Mauna Kea and the path to knowledge

Mauna Kea view from Mauna Loa Observatory

Mauna Kea has many dimensions: for the native Hawaiian is a sacred place filled with tradition and spirituality, for the geologist is a volcano in a post-shield stage, for the astronomer is the window to the Universe, for the biologist is a biotic ecosystem with the greatest diversity anywhere in the Hawaiian archipelago, for the tourist is a car ride or a long hike away from the highest peak in the state of Hawai’i, for the Guinness Book of World Record’s enthusiast is the tallest mountain on the planet (when measured from the sea-floor).  What does it take to understand, to know, to get to the essence of such a place?  For me it is to grasp the deep meaning and interconnection of all of these dimensions, and in the process of doing so, to grasp other dimensions that are not immediately apparent.

I wanted to hike Mauna Kea ever since I spotted its snowy peak on a sunny morning in December, while running up Kaiwiki road in Hilo.  It was not from the desire to have the hike as part of my “record” (in fact I don’t even have a “record”), it was not because I wanted to “conquer” the highest peak in the state.  As I was standing in the middle of the winding road, literally out of breath because of running uphill, but also figuratively breathless because of the view, I felt a deeper yearning to experience that beauty and mystery by foot, up close and personal, to attempt to understand its many dimensions, to get closer to its essence.

I did the hike in mid-July after some homework and research regarding the logistics.  It was a solo hike and must admit I was a little apprehensive about it because did not know how I would react to that much altitude gain. I have never been above 3,100m of elevation ever in my life, and the summit is 4,205m high.  From the Onizuka Visitor Center to the summit there are almost 1,400 meters of elevation gain.  In normal life I live at sea-level, so it is obvious why I was a little worried.  But knowledge and experience take courage, the courage to often embark alone on a journey, to be fully present, to see where the journey takes you and how it feels.  I departed from the Onizuka Visitor Center (elevation 2,804m) on the Humu’ula trail at 8:30 in the morning, and about half an hour into the hike I left all the vegetation behind – it felt like being on the Moon, and the views were extraordinary.

View from the Humu’ula Trail towards Mauna Loa. No vegetation, basalt and the cinder cones everywhere. The trail is visible in the lower left corner.

Information and/or a collection of facts are not knowledge, although both are often mistaken as being such.  Both information and facts prepare one for understanding, but the path to true knowledge is an arduous one, and goes beyond processing information and way beyond mere intellectual experience.  I am a geologist, and in a place like Mauna Kea I can’t help not to think about volcanoes, different types of basalts, hot spots, wether glaciers existed or not there in the recent past, etc. But the vastness of that place soon makes one realize that the essence of Mauna Kea lies beyond what one can grasp by thinking only from one point of view (geology in my case), or from just using the intellect, or just from putting the facts together.  True knowledge and understanding makes use of our inner consciousness and intuition, and requires experience (“tasting” life) with a humble attitude.  And is not hard at all to be humble in the middle of that landscape.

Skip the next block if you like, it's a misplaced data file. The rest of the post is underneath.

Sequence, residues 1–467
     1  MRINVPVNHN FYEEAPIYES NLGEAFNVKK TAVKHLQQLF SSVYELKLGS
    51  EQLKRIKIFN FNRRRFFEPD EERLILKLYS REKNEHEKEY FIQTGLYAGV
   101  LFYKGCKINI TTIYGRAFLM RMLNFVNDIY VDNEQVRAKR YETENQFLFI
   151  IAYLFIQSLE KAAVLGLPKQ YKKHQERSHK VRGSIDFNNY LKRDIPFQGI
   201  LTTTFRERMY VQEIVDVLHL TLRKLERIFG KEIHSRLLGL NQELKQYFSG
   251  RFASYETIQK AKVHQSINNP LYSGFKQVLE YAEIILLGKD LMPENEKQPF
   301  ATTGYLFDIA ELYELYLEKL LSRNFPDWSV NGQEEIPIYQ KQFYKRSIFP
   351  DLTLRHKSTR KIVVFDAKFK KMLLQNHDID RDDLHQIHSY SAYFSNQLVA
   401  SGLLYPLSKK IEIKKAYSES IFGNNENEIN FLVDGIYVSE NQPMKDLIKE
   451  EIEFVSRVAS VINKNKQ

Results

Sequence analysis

The hike to the Mauna Kea summit from the Onizuka Visitor Center is approximately six miles, and it took me about five hours.  The six miles back took “a mere” three hours, but the last hour was somewhat taxing on the knees – slopes are steep and I was tired after all the hiking.  There is cell phone coverage only for the first couple of miles from the Visitor Center, after that you are on your own.  Not too far from the summit, at 3,970 m, is Lake Waiau.  For ancient Hawaiians this was a bottomless lake, which went deep into the heart of the mountain and was the portal for spirits to travel to and from the spirit world.  The name comes from Wainau, who in the Hawaiian mythology was one of the four snow-maidens of Mauna Kea.

The four snow-maidens were all queens of beauty, full of wit and wisdom, lovers of adventure, and enemies of Pele. They were the goddesses of the snow-covered mountains. They embodied the mythical ideas of spirits carrying on eternal warfare between heat and cold, fire and frost, burning lava and stony ice. – from Sacred Texts

Lake Waiau, a sacred place for the Hawaiians.

Not far from the lake, the Humu’ula trail ends as it merges with the road leading to the astronomic observatories.  The trail emerges from between two cinder cones and the views open up suddenly.  The expanse of the mountain, the immensity of the  blue sky and the thirteen telescopes perched on the ridge make for a surreal experience.

End of Humu’ula trail and the first view of the telescopes from the Mauna Kea Astronomic Observatory.

Lake Wainau represents for the Hawaiians the portal to the spirit world.  For today’s scientists the Observatory is the portal to the Universe.  For a detached observer like me, not involved in the controversy of erecting a research center on sacred grounds, the proximity of the Lake to the Observatory is almost magical.  With a temporary suspension of disbelief I can imagine myself at the end of my hike as traveling, using the two portals, from the spirit world to the edge of the Universe :).  An allegory I can use for the path to knowledge and the true essence?  The link between my humanity and the extra dimension of understanding.

Other links on Mauna Kea

Morgan Brown’s site – description of the hike and cool photos

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